We require the students to complete the pre-laboratory work before coming into the laboratory and compliance with this is taken as submission of the quiz associated with each practical exercise. A 'due by' date is associated with each quiz, to coincide with the date of the laboratory class. A student may complete the quiz after the 'due by' date but the marks are not recorded. Similarly a student may return to any quiz for 'refresh' or revision purposes and their marks are not recorded. The quiz contains between 3 and 10 questions and it is intended to be formative in nature while still providing the student with an incentive to attempt each question. If the student scores above 20% on the quiz they are given full marks for completing the pre-laboratory work. If a student scores less than 20% (likely if they randomly select each answer) they are credited with the quiz mark they obtained for completing the pre-laboratory work. The students see the mark they scored at the end of the online quiz and can compare it with the class average and the top mark, which are calculated at the time. Feedback on the quiz answers is designed to reinforce understanding of the pre-laboratory work text.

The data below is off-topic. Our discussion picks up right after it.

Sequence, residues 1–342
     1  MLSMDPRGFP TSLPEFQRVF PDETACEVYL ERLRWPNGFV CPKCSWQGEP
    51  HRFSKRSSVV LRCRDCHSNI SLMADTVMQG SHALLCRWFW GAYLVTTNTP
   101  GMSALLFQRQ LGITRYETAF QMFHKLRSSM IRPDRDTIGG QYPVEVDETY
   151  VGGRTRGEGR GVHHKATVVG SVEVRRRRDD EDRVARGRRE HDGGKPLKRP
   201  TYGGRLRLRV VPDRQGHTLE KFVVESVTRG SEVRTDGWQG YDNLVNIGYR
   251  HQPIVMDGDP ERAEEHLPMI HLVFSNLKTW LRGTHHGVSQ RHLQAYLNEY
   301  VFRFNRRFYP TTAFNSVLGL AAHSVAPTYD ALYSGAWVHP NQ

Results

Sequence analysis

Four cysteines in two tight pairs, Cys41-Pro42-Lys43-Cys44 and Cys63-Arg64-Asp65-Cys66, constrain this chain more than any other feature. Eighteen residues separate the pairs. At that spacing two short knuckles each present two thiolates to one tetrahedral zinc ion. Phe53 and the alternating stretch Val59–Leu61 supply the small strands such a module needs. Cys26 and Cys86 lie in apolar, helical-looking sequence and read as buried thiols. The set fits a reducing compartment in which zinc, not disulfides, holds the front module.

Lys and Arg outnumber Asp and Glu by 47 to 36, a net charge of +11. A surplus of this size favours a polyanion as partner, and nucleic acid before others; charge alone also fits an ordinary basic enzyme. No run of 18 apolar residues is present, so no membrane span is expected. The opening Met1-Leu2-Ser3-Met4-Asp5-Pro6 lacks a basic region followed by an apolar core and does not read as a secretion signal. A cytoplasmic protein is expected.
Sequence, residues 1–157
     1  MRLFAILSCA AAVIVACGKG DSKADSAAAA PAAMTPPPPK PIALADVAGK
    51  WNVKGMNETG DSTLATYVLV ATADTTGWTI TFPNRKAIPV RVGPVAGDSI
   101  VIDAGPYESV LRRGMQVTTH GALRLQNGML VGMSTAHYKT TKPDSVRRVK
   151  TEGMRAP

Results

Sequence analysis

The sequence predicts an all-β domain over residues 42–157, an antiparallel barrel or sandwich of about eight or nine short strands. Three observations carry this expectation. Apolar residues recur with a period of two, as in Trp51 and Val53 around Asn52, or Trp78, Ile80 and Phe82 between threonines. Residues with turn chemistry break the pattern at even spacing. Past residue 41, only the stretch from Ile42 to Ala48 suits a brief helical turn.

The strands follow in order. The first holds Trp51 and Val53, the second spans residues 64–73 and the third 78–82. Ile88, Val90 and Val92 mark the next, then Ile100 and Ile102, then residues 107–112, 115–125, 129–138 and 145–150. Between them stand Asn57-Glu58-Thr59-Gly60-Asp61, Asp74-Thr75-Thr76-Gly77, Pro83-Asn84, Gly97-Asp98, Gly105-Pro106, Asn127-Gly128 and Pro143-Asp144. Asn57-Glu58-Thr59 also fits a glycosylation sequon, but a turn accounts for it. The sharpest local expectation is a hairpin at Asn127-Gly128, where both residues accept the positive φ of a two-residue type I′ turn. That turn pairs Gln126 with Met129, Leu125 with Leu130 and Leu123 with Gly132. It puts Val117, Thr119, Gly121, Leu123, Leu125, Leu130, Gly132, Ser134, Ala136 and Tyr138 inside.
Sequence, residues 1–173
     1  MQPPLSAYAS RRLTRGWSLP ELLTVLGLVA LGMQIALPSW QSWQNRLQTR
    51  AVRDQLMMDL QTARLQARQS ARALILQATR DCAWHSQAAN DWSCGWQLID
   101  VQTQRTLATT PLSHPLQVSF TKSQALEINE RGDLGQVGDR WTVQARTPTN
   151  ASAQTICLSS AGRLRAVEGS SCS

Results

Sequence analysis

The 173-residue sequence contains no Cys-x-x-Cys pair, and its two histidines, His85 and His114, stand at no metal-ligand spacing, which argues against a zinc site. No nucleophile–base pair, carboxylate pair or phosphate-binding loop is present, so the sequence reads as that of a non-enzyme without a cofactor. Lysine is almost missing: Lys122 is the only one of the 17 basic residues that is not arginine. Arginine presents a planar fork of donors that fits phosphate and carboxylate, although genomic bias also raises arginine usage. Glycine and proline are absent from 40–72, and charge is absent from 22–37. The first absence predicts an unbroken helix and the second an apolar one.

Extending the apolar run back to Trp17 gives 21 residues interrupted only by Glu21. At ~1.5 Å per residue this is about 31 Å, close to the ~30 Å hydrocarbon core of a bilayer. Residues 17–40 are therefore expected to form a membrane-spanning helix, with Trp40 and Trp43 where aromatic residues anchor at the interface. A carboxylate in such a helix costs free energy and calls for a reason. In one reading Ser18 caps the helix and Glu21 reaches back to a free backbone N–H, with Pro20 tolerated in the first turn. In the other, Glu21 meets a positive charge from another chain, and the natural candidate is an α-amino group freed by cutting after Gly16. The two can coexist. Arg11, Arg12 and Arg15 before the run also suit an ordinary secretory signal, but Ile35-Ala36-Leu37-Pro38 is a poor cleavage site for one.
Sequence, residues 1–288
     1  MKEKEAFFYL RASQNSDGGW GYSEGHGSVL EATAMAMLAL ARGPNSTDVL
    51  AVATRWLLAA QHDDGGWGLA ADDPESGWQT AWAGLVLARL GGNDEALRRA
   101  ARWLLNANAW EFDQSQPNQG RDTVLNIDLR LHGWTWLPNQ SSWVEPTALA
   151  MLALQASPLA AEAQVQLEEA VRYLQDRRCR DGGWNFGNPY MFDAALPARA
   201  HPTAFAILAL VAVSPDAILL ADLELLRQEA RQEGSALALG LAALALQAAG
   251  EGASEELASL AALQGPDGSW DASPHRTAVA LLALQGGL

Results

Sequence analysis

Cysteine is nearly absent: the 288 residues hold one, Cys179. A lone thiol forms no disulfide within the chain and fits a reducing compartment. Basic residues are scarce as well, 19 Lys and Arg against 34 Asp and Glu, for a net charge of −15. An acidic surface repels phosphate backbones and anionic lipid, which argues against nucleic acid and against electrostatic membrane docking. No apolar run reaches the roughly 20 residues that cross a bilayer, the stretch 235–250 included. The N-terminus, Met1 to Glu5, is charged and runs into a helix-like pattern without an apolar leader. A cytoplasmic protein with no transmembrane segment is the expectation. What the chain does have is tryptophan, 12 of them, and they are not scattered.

In this manner, students come into the laboratory prepared for the experiment. The entire laboratory time is now available for experimental work resulting in a greater flexibility in number and range of experiments achieved.

    Figure 3.

    Figure 3. Example of sequence of pages used in the online pre-laboratory work

    The tutors can access the pre-laboratory work quiz marks and question responses made by the students under their supervision. The tutors can then focus on those that had difficulty with the material and clear up any misconceptions at the start of the laboratory session. Thus the individual attention given to those students most in need is increased.